The world-renowned father of the Optical-kinetic Art movement, Victor Vasarely created three-dimensional experiences via two-dimensional artworks featuring bold colors and geometric shapes. His innovative use of optical illusions became popular in the 1960s and 70s and optical art in design, advertisement, architecture became a part of everyday life.
Vasarely, whose motto was “art for all,” advocated for democratizing art by producing multiples and screen-prints and by integrating art into architecture and public spaces. Vasarely’s innovative use of optical illusions became popular in the 1960s and 70s, when Op Art permeated everyday life through design, advertisements, and architecture. His artwork exploring visual perception and spatial relationships is a source of inspiration for those interested in art, computer programming, architecture, and beyond.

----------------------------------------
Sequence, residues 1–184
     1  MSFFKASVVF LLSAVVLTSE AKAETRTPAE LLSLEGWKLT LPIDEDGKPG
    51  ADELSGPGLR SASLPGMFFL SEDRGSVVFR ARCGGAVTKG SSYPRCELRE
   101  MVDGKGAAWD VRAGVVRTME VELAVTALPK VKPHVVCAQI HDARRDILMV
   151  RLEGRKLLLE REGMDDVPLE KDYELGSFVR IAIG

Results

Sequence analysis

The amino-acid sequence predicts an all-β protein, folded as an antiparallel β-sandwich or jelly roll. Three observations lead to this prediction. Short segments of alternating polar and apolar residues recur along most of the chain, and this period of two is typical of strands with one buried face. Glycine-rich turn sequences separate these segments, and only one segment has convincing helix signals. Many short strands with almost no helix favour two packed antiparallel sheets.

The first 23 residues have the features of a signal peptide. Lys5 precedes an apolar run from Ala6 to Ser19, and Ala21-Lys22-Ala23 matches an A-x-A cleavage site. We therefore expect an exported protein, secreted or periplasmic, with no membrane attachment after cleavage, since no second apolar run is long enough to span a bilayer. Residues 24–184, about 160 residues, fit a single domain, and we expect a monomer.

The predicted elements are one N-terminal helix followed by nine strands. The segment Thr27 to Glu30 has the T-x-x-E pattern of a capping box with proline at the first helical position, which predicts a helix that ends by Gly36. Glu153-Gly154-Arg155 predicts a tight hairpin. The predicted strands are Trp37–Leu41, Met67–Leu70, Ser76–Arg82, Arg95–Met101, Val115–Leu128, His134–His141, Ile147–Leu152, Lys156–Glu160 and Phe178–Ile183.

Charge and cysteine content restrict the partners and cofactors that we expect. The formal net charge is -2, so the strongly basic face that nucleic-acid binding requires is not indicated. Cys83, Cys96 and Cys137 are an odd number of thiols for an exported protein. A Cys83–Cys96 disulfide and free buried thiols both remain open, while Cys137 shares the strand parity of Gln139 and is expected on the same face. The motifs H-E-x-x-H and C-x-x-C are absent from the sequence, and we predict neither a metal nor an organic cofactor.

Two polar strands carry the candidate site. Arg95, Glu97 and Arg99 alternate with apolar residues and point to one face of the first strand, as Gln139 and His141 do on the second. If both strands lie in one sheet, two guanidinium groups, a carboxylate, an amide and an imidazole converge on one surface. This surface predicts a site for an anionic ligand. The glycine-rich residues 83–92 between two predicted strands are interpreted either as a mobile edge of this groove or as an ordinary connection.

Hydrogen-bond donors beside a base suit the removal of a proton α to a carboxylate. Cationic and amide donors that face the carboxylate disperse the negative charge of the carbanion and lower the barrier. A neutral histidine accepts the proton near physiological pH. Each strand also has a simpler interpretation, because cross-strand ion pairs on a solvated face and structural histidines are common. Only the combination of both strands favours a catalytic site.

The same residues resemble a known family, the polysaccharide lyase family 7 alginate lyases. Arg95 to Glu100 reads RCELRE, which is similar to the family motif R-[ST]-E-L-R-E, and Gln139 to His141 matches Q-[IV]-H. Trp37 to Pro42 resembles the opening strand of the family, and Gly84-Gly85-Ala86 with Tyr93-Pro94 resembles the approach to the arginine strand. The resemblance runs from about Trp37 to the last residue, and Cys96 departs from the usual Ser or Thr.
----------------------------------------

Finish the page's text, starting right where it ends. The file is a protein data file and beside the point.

From the collection of Herakleidon Museum in Athens, Greece, and organized by PAN Art Connections, Inc., this One Source Traveling Exhibition comprises more than 150 Vasarely serigraphs, lithographs, gouache paintings, and drawings.